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Automated Software Testing: Unit Testing, Coverage Criteria and Design for Testability
About this courseSkip About this course
Software testinggets a bad rap for being difficult, time-consuming, redundant, and above all - boring. But in fact, it is a proven way to ensure that your software will work flawlessly andcan meet release schedules.
In a two-course series, we will teach you automated software testing in an inspiring way. We will show you that testing is not as daunting a task as you might think, and how automated testing will make you a better developer who programs excellent software.
This first course will teach you specification-based testing, boundary testing, test adequacy and code coverage, unit vs system testing, mock objects, design for testability, and test code quality.
This is a highly practical course. Throughout the lessons, you will test various programs by means of different techniques. By the end, you will be able to choose the best testing strategies for different projects.
If you are or want to become a five-star software developer, QA engineer, or software tester, join this course. Testing will never be the same again!
At a glance
What you'll learnSkip What you'll learn
- How to test any software system using current state-of-the-arttechniques
- How to derive test cases that deal with exceptional, corner, and bad-weather cases by means of several different techniques
- The limitations of current testing techniques and how to decide on the best testing strategies for a given context
- How to develop testable architectures and to write maintainable test code
Topic 1: Automated software testing
- Understand some basic principles of testing and whyit requires creativity.
- Get familiar withsome testing vocabulary, which improves our communication.
- Devise our first set of tests for a Java program and automatethese testsusing JUnit.
- Understand the differences between unit, integration, and system testing, as well as the testing pyramid.
Topic 2: Functional testing
- Learn how to read a requirement and derive the partitions, which are the actual concrete tests we will perform to make sure our system works (we call it "partitioning" and "equivalent partitioning").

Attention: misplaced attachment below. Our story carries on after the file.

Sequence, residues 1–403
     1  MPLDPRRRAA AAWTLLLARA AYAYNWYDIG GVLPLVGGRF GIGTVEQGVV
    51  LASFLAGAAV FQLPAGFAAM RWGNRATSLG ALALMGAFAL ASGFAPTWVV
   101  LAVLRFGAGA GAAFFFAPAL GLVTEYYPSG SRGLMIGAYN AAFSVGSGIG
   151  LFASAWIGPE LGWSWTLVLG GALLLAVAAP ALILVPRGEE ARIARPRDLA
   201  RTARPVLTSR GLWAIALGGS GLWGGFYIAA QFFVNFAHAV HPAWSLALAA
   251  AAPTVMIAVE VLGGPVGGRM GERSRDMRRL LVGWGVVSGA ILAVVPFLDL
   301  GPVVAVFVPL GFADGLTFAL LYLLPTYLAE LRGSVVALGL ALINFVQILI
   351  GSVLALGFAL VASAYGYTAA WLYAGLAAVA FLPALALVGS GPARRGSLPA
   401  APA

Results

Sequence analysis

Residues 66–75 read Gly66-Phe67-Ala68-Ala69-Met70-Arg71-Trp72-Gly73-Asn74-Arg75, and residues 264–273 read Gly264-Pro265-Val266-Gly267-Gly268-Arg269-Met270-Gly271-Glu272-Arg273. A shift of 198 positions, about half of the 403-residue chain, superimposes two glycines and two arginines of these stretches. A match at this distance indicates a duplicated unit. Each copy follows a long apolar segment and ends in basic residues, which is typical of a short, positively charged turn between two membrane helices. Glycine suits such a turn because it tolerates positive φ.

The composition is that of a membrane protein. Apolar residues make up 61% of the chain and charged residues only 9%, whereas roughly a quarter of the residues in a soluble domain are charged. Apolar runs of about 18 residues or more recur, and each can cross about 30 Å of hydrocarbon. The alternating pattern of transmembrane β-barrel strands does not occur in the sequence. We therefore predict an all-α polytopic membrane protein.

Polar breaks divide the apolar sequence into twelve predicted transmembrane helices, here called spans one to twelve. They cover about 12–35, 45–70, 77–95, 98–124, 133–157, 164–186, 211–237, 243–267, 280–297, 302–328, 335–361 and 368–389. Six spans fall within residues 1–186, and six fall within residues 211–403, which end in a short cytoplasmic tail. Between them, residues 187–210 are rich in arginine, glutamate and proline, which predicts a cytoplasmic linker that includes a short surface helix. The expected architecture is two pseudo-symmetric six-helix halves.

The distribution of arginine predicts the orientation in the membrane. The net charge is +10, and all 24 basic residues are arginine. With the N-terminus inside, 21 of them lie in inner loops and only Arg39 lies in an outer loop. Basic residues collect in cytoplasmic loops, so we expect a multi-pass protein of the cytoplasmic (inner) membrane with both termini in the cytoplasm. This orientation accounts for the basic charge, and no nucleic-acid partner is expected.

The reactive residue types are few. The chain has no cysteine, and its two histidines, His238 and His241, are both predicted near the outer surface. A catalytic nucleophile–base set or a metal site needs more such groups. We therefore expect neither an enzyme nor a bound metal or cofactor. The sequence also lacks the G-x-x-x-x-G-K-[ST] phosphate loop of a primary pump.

- Learn how to think about and test possible corner cases, as developersoften forget to deal with such cases (we call itboundary testing).
- Get a few tips, based on experience, on common corner cases.
Topic 3: Structural testing and code coverage
- Learn how to analyze the structure of your source code and derive meaningful tests.
- Be able to use the most popular structural testing adequacy criteria, such as line coverage, branch coverage, and path coverage as well as to understand their differences.
- Derive a minimal set of tests when your branches (e.g., ifs) are too complex.
- Use a standard industry code coverage tool and interpret its results.
Topic 4: Testability and mock objects
- Understand the differences between different test levels (e.g., unit, integration, and system tests)
- Understand what makes a system more or less testable.
- Propose refactoring opportunities for increasing testability.
- Be able to apply mock objects in order to unit test a class.
- Understand when not to apply mock objects and go for integration tests.
Topic 5 : Test code smells
- Judge the internal code quality of your test suite and advice possible improvements.
- Understand and avoid flaky tests.
- Refactor and clean smelly test code.
About the instructors
More about this courseSkip More about this course
The course materials of this course are Copyright Delft University of Technology and are licensed under a Creative Commons Attribution-NonCommercial-ShareAlike (CC-BY-NC-SA) 4.0 International License.